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Audit uncertainty weighing on trustees

Audit uncertainty weighing on trustees

Paul Rafton
Sarah Kendell
20 August 2019 — 1 minute read

Uncertainty around whether the government will press on with its plans to allow SMSFs with a positive compliance history to opt out of annual audits is causing unnecessary confusion at a time when fund trustees and advisers are under pressure to strengthen their compliance processes, according to a global accounting firm.

BDO Australia national leader for superannuation Paul Rafton told SMSF Adviser the government’s silence on its previously mentioned plans to change the audit requirements for compliant SMSFs was causing confusion among the firm’s SMSF client base.

“I’d like to see the government come out and say it’s dead and buried, because clients are still asking about it and there is no clarity on whether it’s going to come back or not,” Mr Rafton said.

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SMSF Adviser previously reported in June that Minister for Superannuation, Financial Services and Financial Technology Jane Hume had remained non-committal about plans for extending the audit cycle at a recent industry event.

“The government has undertaken extensive public consultation on this measure and the outcomes of the consultation are currently being considered,” Ms Hume said.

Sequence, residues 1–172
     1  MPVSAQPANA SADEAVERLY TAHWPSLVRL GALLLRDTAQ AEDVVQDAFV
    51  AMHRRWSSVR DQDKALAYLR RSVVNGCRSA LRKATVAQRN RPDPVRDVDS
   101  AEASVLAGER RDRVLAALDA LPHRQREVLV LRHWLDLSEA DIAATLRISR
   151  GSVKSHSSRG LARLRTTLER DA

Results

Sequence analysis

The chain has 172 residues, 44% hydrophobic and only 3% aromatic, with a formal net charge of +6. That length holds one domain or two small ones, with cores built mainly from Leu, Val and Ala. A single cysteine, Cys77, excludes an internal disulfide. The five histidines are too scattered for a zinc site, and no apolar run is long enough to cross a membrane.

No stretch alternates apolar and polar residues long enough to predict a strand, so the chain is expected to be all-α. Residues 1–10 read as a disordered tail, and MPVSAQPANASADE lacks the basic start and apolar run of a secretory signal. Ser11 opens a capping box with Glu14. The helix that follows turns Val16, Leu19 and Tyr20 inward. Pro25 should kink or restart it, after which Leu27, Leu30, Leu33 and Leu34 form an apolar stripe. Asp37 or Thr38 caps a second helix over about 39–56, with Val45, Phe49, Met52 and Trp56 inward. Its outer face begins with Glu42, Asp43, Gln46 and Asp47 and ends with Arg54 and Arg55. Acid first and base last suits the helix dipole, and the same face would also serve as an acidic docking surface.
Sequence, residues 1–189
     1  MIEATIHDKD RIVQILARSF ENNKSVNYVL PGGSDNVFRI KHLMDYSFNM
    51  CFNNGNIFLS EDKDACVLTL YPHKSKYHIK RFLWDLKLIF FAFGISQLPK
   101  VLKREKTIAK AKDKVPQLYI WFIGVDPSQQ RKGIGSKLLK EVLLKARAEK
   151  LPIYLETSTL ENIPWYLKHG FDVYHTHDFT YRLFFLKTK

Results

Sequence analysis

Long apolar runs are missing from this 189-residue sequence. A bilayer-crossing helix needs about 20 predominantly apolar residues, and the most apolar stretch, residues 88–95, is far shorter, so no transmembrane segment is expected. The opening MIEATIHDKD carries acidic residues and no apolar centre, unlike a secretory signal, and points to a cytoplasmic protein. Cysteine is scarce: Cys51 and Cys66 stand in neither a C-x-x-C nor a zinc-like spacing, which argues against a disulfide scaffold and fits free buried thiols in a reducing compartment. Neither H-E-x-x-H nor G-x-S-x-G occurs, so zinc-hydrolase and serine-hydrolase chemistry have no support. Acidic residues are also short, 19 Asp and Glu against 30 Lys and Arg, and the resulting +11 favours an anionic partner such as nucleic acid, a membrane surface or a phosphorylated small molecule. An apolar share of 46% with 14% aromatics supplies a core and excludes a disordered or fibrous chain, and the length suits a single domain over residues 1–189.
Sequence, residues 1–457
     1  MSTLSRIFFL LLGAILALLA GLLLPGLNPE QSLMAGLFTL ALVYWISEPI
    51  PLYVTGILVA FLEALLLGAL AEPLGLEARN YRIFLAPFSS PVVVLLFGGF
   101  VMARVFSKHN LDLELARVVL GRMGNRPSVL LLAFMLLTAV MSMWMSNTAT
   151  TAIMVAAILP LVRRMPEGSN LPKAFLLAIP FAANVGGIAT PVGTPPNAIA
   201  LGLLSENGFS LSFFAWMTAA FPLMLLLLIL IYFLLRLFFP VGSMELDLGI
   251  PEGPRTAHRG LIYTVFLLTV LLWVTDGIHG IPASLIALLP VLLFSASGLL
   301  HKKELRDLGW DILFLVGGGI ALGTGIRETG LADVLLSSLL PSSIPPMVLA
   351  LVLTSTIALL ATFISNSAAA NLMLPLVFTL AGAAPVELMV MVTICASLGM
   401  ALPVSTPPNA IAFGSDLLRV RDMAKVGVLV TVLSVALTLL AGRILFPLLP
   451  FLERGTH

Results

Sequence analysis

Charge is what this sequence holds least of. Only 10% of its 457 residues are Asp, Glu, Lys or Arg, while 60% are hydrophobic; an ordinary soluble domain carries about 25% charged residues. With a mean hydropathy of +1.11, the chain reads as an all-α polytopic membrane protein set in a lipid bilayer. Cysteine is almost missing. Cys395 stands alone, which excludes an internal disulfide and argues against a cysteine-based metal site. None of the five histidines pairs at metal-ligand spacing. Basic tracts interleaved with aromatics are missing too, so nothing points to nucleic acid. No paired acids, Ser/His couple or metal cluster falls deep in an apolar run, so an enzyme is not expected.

Mr Rafton said given the current regulatory crackdown from both ASIC and the ATO when it came to fund trustees and their advisers meeting their compliance requirements, any decision to relax the rules would send mixed messages to the SMSF community.

“We have ASIC coming out with a big heavy stick, the ATO is on their enforcement program, but at the same time, there is still this uncertainty around whether funds will be allowed to defer their audit for three years,” he said.

“The proposed legislation is that funds with a good lodgement history would be able to opt out of an annual audit, but my concern is that it doesn’t seem to sit well with what ASIC is trying to do to make audits done regularly and auditors maintain their professionalism.”

Mr Rafton added that while the intent of the proposal had been to reduce red tape for SMSFs, extending the audit cycle out to three years was unlikely to have any efficiency benefits.

“An auditor is now going to have to revert back to the prior three years, and for some clients, it’s hard enough getting stuff out of them every year, let alone every three,” he said.

“It’s not going to make things more cost-effective as the auditor will still have to cover three years of ground, so it’s still going to be the same amount of work.”

Audit uncertainty weighing on trustees
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